• Late stage individuals prone to opportunistic infections and tumors. Although treatments exist to slow the virus' progression, there is no known cure.

    • Without antiretroviral therapy, median time of progression from HIV infection to AIDS and survival time after developing AIDS varies widely.

  • Transmission: Through direct contact, mucous membrane or bloodstream with a bodily fluid containing HIV (blood, semen, vaginal fluid, shared needles and breast milk).

  • Incidence: Since start of epidemic ~ 60 million people infected, and ~30 million have died from AIDS.

Images: Advertisement for CDC’s Act Against Aids campaign, Main symptoms of acute HIV infection Mikael Häggström

From the Virtual Microbiology Classroom on ScienceProfOnline.com


About science prof online powerpoint resources 5003782

Let’s take a look at:

HIV Replicationanimation and quiz from McGraw-Hill.

Images: HIV viruses budding off of infected lymphocyte, PHIL #10000; HIV cycle, GFDL

From the Virtual Microbiology Classroom on ScienceProfOnline.com


About science prof online powerpoint resources 5003782

Disease,Please:__________ __________

Caused by nonenveloped ssRNAanimal viruses

Most colds causes by Rhinoviruses (genus) and Coronavirus (a group within a genus). But more than 200 different viral types can cause colds. That is why vaccination not practical.

AKA: Nasopharyngitis, acute viral rhinopharyngitis, acute coryza(say coe-rize-ah).

TRANSMISSION:

  • Spreads from infected persons through air-borne droplets, direct contact with nasal secretions or fomites.

  • Infects cells of the nasal and adenoid mucous membrane.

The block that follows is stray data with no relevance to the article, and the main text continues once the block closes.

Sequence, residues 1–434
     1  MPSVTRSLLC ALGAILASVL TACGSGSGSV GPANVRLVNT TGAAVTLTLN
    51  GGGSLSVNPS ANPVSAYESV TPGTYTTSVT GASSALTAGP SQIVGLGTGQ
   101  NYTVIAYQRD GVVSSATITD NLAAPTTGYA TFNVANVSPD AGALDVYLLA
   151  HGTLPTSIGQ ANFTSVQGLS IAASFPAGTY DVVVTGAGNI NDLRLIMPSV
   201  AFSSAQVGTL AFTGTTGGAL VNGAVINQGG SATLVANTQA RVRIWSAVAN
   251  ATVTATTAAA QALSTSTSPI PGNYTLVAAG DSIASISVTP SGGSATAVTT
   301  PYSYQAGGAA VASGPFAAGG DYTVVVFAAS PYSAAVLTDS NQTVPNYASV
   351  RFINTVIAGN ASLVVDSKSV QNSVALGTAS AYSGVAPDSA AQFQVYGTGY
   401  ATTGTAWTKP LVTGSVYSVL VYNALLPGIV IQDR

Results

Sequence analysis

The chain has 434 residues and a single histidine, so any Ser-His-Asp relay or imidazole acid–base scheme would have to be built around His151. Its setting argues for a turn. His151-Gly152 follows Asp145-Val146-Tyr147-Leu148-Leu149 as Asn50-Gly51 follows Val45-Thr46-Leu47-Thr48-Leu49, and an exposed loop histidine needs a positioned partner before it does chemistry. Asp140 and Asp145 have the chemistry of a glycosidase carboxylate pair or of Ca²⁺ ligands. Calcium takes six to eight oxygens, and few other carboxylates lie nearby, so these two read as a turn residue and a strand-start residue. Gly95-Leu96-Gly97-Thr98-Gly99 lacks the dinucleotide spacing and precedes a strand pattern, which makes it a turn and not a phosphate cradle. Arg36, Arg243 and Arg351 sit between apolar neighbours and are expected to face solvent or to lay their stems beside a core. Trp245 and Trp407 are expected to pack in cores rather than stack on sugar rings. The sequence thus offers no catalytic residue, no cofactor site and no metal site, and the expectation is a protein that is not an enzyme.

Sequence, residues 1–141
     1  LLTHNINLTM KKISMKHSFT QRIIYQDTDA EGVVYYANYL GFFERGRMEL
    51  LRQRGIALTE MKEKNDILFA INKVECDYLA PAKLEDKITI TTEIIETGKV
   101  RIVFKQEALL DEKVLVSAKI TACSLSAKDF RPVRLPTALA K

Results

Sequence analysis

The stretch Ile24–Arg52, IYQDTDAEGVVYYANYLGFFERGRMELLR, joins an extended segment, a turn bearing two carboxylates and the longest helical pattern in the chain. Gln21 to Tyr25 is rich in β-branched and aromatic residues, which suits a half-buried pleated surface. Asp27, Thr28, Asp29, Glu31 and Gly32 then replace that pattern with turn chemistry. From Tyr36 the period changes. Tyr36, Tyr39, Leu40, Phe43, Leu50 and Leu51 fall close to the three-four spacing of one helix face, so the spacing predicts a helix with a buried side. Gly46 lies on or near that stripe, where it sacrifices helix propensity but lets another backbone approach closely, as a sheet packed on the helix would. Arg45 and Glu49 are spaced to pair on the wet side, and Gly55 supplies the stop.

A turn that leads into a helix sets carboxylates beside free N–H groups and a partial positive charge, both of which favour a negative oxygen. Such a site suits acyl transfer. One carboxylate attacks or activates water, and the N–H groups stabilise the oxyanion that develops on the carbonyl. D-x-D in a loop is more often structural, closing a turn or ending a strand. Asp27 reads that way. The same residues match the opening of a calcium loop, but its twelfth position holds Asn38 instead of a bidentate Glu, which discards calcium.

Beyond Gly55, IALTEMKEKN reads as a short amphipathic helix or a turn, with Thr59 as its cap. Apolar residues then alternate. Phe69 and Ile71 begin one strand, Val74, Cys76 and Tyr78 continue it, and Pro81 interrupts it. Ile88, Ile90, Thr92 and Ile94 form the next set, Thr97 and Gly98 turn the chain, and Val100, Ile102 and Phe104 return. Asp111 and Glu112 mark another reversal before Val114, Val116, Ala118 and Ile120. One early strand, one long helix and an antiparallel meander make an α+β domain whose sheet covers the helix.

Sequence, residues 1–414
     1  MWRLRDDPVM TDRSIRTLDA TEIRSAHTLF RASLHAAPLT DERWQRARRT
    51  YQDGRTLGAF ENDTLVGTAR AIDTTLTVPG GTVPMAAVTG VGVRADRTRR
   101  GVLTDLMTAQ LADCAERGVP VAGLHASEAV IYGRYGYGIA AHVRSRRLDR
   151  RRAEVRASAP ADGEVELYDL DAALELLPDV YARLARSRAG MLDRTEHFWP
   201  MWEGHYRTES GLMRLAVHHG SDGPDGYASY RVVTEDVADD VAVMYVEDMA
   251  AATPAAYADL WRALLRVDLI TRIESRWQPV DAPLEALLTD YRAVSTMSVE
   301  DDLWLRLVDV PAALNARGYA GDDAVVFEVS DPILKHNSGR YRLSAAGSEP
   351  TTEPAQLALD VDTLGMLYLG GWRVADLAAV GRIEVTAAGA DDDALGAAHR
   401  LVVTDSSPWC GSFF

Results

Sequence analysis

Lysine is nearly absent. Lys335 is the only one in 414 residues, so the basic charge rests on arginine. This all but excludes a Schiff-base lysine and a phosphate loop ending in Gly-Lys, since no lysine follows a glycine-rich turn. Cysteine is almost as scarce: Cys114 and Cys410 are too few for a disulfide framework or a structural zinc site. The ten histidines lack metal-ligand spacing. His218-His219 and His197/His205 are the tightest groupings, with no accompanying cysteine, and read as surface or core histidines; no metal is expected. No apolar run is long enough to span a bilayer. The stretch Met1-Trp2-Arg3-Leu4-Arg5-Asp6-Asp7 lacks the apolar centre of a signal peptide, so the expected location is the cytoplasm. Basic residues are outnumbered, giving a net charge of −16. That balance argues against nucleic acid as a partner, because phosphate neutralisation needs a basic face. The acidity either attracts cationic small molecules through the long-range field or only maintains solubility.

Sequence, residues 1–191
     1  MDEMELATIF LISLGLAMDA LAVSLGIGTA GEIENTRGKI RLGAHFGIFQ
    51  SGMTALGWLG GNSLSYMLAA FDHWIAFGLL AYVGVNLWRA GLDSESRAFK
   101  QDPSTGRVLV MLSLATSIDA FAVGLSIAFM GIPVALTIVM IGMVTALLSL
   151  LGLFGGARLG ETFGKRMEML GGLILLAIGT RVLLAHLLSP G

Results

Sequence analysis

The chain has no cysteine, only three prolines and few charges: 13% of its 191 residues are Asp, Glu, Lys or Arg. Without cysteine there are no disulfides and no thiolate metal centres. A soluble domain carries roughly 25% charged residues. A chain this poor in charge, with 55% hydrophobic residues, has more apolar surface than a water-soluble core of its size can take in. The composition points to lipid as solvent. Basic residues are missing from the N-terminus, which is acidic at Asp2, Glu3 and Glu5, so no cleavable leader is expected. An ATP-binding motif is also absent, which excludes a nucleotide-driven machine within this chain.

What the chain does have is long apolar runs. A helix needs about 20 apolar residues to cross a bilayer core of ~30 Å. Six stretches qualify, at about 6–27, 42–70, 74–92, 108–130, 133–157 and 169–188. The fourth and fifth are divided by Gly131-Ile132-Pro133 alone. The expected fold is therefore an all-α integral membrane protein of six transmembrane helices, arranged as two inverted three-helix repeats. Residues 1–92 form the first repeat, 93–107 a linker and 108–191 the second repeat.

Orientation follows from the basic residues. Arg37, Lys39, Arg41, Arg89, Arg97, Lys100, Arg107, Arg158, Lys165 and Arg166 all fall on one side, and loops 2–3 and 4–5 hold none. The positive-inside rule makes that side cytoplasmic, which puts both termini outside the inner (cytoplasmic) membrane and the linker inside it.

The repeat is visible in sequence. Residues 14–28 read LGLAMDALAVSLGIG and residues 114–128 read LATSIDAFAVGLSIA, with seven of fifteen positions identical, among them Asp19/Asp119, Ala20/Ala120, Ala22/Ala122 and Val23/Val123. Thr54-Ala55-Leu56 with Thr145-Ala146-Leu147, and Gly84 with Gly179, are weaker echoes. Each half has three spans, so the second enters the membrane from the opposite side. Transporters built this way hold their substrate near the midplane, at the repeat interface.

3. Trick infected cells into making more cold viruses, which are then transmitted as you sneeze or touch things with hands contaminated with nasal secretions.

    4. When your body catches on, inflammation occurs as body tries to rid itself of virus. It's at this point that you get fever and other cold symptoms.

    SYMPTOMS: Sore throat, runny nose, nasal congestion, sneezing and cough; muscle aches, fatigue, malaise, headaches, muscle weakness, and loss of appetite. (Fever and extreme exhaustion more commonly associated with influenza).

    COURSE: Symptoms usually resolve after ~ 1 week, but can last up to two.

From the Virtual Microbiology Classroom on ScienceProfOnline.com

Images: Man sneezing, PHIL #11162, Graphic of Rhinovirus, Wiki


About science prof online powerpoint resources 5003782

Meet the Microbe:____ _________

  • NonenvelopeddsDNA virus

  • (Not the true for all phages. Phages, as a

  • group, can have ssRN dsRNA, ssDNA, dsDNA).

  • A bacteriophage that infects Escherichia coli O157:H7, a cause of foodborne illness.

  • The "O" in the name refers to the cell wall antigen number, whereas the "H" refers to the flagella antigen.

  • Q: What is an antigen?

  • Phage Therapy:

  • - Phages in general have been investigated as medical therapy for disabling bacteria that cause human illness, since phages are much more specific than antibiotics.

  • - “Human Volunteers Receiving Escherichia coli Phage T4 Orally: a Safety Test of Phage Therapy” by Anne Bruttin & Harald Brüssow, American Society for Microbiology, 2005.